Students should handle contention with DPS thoughtfully

By Alaina Perdon
Elm Staff Writer

It is undeniable that a tense relationship has formed between Washington College students and the Department of Public Safety. Students have voiced their disdain for the organization by speaking out at Student Government Association Senate meetings and posting angry messages online. While individuals have every right to voice their opinions, some members of the student body have crossed moral boundaries, effectively worsening the tensions between DPS and students.

“The relationship was challenging before COVID-19 but has been exacerbated after the fact because we have new officers, a new head of the department, and new students who are unfamiliar with campus operations,” SGA President and senior Kat DeSantis said. “The relationship has further been worsened by a lack of communication on key policy changes and new practices.”

However, the relationship is worsening from both ends. The social media app Yik Yak is gaining popularity at the College. Yik Yak allows students to anonymously post their thoughts for anyone in the surrounding area to read. DPS is a common topic discussed on the platform, and while many posts are merely angry complaints, some users have gone as far as making death threats against members of DPS.

Frustration at the negative relationship is understandable, and an app like Yik Yak may seem like a harmless place to let out some of those frustrations. But these posts can be seen by the College administration and DPS, and they paint the student body in a negative light. By showing such disrespect towards the department, however, students make it more difficult for a friendly relationship to form.

“I would like to take a firm stance against the use of Yik Yak,” DeSantis said. “Especially since there were threats made against [Director of Public Safety Pamela Hoffman] which are being taken seriously by the school and by the Chestertown Police Department. I just don’t think this is an appopriate place to make any legitimate change.”

If students want change, they have to advocate for it in a productive manner, not antagonize the entities they feel hurt by. There are more appropriate outlets for this distaste and passion, such as SGA Senate meetings, which are open to the entire student body.

While attention-grabbing or spur-of-the-moment actions like heckling or spreading hate online provide instant gratification for the perpetrator, organized demonstrations garner respect and can lead to productive conversations.

According to the Public Safety Resolution submitted by the SGA on Oct. 19, “persistent student concerns about Public Safety’s lack of transparency, specifically in regards to training, approaches, and consistency of policy implementation” prompted intervention on students’ behalf by SGA.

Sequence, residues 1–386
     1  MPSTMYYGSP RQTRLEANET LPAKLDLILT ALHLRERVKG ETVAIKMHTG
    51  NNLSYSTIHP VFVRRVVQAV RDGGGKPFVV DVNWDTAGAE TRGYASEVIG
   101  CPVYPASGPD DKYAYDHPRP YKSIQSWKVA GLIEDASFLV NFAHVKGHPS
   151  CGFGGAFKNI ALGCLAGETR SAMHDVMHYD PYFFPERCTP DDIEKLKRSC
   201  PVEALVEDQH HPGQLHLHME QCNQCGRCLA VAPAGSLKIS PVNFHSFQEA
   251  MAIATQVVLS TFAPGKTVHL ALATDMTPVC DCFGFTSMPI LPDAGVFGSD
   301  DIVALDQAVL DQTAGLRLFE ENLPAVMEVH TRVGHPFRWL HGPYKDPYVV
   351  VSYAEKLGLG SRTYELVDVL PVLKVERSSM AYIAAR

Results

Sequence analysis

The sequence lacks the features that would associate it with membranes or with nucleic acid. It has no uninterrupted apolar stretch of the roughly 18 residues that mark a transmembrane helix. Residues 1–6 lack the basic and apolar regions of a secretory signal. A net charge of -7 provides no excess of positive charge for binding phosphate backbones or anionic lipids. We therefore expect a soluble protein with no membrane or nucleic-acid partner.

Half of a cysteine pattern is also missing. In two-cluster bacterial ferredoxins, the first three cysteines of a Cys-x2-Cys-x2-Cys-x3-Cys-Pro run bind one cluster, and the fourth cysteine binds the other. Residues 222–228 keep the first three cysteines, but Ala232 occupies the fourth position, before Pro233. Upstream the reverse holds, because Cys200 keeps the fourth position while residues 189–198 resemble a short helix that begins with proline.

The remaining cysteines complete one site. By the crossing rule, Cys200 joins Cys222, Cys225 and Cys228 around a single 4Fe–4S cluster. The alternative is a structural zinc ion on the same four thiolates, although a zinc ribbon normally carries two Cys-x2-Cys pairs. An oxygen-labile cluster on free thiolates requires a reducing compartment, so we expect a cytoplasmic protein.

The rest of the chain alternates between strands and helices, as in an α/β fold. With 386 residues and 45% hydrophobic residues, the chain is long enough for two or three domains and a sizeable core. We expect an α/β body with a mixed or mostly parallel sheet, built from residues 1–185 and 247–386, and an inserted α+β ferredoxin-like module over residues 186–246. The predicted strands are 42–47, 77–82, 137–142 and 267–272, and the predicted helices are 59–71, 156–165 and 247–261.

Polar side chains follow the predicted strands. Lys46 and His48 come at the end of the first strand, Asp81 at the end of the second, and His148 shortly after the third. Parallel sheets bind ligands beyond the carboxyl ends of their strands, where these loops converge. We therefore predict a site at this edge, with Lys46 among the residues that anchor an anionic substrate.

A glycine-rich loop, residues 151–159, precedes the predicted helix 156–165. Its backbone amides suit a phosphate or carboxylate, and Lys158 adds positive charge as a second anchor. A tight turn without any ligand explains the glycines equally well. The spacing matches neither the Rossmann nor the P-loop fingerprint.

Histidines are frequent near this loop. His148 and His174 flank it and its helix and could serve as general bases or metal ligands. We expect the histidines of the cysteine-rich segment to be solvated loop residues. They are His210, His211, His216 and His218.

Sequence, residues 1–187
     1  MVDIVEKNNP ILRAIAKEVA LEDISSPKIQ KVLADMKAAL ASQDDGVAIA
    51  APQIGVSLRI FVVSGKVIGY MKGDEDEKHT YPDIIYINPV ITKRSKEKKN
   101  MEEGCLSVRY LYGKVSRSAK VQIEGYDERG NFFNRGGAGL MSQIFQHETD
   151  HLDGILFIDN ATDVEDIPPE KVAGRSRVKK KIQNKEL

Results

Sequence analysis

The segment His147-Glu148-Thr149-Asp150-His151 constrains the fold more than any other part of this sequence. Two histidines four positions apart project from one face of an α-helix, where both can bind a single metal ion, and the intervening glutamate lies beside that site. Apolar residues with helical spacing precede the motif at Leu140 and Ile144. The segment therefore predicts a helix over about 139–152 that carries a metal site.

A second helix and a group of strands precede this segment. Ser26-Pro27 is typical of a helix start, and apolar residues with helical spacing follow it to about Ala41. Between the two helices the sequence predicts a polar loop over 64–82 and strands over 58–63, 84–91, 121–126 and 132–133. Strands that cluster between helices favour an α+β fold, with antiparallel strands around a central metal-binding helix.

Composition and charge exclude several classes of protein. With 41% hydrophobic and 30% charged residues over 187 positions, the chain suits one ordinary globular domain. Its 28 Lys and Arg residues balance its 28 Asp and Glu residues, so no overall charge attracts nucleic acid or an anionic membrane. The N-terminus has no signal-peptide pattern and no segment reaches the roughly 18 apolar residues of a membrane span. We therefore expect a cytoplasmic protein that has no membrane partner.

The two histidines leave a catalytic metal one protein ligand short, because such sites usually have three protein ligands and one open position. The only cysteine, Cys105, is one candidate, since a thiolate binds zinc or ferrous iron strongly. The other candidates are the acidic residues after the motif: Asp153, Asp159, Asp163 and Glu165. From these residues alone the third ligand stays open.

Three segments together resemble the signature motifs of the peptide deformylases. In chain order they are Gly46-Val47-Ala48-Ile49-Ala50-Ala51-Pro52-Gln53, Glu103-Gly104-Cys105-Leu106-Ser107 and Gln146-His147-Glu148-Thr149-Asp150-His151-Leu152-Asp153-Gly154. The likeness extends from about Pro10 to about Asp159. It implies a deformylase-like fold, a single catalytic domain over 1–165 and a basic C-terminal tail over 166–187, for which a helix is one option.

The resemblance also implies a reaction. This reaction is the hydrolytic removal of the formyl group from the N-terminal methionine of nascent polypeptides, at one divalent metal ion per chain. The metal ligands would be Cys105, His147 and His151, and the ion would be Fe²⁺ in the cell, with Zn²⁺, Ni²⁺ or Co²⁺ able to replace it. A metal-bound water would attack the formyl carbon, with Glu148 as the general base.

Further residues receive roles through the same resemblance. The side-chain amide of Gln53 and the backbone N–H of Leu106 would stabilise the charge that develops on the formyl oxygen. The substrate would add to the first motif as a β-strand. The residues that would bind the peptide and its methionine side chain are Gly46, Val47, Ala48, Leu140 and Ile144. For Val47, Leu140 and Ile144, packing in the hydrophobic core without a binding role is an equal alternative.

According to DeSantis, SGA is working on a “multipronged approach” to bettering DPS-student relations, which includes writing the FAQ sheet that was circulated last week, creating the DPS resolution, and appointing a liaison who “plans to start with discussing ways to implement the recommendations contained in last week’s PS Resolution,” according to SGA Senate minutes from Oct. 26.

In the future, SGA plans to instate an open office hour or regular panel with College administrators where students can ask questions and voice concerns. These actions, as opposed to posting on Yik Yak or shouting at officers, will lead to positive change rather than inciting violence or perpetuating hatred.

While not every student is eager to participate in large campus groups like SGA, the support of such an influential organization has strong potential to bring goals to fruition.

Outside of the realm of advocacy, students should also be open to fostering positive relationships with DPS. The responsibility of initiating more positive interactions is on DPS, but the willingness of students is also necessary to make a healthy relationship possible.

“Public Safety created the fissure between us, so the responsibility to fix the relationship lies with them, but as students, we have to both extend the olive branch and accept it,” DeSantis said. “We just need to have an open mind ­— and it might be nice if students didn’t harass Public Safety officers and such — and be willing to have these conversations.”

Distrust and dislike of DPS is understandable given the conflicts at the beginning of the semester, but the situation cannot be improved unless both parties make the effort. Students cannot continue turning to destructive means to express their thoughts. DPS must make the first steps on the road to civility; however, students must be open to their gestures in order for a proper relationship to form.

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